• Dragaera is a major offender: It makes sense that there is a Dragaeran Empire with a (former) capital city of Dragaera, as this pretty much mirrors Rome. On the other hand, the universe itself is called Dragaera, and the species of its inhabitants and its language are both Dragaeran, even though there are at least two other kingdoms in the world.
  • The Riftwar Cycle almost completely averts this despite several add-ons, and actually inverts it on one occasion: We know from the beginning that the world is called Midkemia, but the main continent (Triagia) is not named for quite some time.
  • His Dark Materials takes place in a multiverse, but the issue is handled fairly well. We call our world "Will's world," since that's where Will comes from. Also, most of the characters who hear about our world only know Will. Cittagazze is really just a city, though, and the characters shouldn't be using it as the name of the entire, Spectre-haunted world.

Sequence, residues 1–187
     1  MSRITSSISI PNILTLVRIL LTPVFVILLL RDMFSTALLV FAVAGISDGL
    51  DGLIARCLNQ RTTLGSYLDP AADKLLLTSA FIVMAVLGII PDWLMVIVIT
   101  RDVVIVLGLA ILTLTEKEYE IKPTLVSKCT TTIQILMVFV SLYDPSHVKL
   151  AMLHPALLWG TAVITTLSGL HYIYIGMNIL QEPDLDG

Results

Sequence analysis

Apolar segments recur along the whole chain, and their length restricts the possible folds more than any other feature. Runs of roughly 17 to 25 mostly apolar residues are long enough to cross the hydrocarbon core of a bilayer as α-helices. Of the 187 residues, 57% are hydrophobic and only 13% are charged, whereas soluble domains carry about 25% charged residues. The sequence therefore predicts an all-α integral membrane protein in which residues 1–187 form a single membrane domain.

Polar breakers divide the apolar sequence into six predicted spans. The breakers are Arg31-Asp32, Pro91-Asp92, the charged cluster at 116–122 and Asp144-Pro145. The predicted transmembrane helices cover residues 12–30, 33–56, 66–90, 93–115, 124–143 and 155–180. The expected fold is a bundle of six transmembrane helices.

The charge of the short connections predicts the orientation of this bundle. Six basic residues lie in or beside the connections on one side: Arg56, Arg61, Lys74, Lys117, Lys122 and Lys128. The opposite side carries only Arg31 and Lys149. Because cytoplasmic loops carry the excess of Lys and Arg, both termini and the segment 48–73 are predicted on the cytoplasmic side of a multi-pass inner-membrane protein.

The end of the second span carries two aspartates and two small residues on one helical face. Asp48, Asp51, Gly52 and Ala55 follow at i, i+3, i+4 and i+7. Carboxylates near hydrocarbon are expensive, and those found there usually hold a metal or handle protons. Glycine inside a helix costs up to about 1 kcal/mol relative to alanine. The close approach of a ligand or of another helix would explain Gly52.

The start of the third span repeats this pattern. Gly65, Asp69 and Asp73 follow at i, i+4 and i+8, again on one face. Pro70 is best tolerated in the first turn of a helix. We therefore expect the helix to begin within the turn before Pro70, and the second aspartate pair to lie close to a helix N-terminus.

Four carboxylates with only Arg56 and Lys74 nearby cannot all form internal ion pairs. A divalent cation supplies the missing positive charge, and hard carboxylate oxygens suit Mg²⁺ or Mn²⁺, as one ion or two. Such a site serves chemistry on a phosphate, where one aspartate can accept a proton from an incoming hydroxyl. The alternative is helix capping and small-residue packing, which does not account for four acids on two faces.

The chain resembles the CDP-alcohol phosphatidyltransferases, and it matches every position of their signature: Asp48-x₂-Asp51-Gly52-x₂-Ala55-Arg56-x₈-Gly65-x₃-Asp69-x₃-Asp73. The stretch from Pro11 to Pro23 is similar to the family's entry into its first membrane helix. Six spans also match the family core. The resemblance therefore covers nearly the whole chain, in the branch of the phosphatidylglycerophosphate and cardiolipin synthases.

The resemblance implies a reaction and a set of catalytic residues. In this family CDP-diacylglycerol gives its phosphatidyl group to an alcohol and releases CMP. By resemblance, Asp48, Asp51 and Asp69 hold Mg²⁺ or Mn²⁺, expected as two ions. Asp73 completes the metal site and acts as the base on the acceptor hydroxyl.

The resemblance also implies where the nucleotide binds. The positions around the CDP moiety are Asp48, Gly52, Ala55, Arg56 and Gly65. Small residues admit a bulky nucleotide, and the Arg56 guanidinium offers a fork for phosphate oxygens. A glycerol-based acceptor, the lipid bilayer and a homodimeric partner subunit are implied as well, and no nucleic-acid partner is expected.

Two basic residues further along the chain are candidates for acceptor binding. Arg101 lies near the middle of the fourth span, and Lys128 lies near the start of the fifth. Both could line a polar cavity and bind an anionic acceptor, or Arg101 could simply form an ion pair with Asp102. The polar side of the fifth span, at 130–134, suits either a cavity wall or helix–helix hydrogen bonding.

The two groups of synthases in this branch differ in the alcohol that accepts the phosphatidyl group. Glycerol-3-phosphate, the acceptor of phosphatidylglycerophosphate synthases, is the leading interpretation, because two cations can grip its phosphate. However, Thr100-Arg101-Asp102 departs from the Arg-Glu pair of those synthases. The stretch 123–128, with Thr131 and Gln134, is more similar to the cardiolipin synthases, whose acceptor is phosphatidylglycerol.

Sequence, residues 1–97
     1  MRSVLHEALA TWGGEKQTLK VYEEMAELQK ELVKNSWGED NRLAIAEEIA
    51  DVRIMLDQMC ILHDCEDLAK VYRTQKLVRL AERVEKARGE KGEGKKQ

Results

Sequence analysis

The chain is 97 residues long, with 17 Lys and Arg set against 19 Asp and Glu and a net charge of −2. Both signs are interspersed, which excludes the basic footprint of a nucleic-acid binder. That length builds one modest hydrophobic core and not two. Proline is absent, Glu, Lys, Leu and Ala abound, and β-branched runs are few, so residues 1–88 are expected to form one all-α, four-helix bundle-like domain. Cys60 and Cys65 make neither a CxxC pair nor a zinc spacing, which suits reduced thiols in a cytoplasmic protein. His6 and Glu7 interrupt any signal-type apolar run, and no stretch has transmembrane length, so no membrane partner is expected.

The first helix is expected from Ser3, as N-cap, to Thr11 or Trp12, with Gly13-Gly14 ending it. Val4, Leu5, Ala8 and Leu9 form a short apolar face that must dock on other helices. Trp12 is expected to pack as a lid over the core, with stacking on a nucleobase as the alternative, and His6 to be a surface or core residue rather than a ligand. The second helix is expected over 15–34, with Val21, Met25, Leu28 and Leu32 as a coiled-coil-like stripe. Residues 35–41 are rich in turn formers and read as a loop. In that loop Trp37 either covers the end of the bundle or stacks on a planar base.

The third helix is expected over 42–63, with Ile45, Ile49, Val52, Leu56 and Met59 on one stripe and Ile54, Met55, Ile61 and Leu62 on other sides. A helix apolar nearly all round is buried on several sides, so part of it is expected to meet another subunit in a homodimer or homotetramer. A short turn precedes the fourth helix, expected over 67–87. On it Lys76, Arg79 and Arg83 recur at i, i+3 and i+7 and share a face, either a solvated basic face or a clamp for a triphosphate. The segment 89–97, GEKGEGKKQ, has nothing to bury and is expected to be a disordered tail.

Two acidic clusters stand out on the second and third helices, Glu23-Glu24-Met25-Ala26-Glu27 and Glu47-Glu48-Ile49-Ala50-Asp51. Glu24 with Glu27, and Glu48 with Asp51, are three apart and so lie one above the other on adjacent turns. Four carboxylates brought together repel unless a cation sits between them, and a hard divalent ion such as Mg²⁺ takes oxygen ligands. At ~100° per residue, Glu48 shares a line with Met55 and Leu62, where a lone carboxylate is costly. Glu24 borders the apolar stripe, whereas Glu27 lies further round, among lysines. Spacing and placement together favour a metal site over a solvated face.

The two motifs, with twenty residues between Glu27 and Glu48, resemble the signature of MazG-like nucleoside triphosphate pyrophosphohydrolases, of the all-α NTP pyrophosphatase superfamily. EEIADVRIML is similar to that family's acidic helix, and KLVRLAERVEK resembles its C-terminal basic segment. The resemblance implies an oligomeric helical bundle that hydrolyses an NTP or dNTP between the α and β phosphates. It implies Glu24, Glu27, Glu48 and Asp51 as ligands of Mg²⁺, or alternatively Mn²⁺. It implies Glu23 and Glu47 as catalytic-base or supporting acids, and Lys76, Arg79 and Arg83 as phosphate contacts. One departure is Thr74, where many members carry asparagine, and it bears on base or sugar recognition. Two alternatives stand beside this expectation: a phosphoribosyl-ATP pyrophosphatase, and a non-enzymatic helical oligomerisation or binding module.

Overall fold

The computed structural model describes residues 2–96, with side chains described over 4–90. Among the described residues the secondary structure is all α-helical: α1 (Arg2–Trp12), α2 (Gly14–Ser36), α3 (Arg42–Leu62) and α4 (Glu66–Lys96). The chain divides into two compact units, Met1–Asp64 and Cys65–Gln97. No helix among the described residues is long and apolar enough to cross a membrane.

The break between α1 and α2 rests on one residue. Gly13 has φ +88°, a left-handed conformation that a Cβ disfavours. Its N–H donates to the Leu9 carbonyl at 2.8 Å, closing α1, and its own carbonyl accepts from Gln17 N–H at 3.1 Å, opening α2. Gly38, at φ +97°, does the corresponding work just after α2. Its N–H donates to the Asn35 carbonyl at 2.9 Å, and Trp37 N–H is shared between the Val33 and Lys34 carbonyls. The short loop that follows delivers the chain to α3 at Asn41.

• They sometimes call it "The world of Cittegazze," but it's kind of a mouthful.
  • Averted in The Lord of the Rings and all related works. Middle-earth is where most of the action takes place, but the entire planet is called Arda, and it is part of Eä (the universe).
  • The Land of Oz is near such places as Ix, Ev, Mo, and Menankypoo. There's no official name for the continent on which the stories take place. The most common Fanon name is Nonestica; other proposals are Supernumquam and the Continent of Imagination.
    • Every king of Oz is named Oz, making them King Oz, of the nation of Oz, on the Continent of Oz
  • "Randland" is often used as the unofficial name for the world in the Wheel of Time, though this term (naturally) isn't used by anyone in the book. It's also used specifically for what the Aiel call "the wetlands," distinguishing it from the Aiel Wastes, the Blight and Seanchan.

Tabletop Games

  • Mostly averted with Dungeons and Dragons worlds. Although the world of Oerth (home to the Greyhawk setting) is in a crystal sphere called "Greyspace", presumably named after the City of Greyhawk.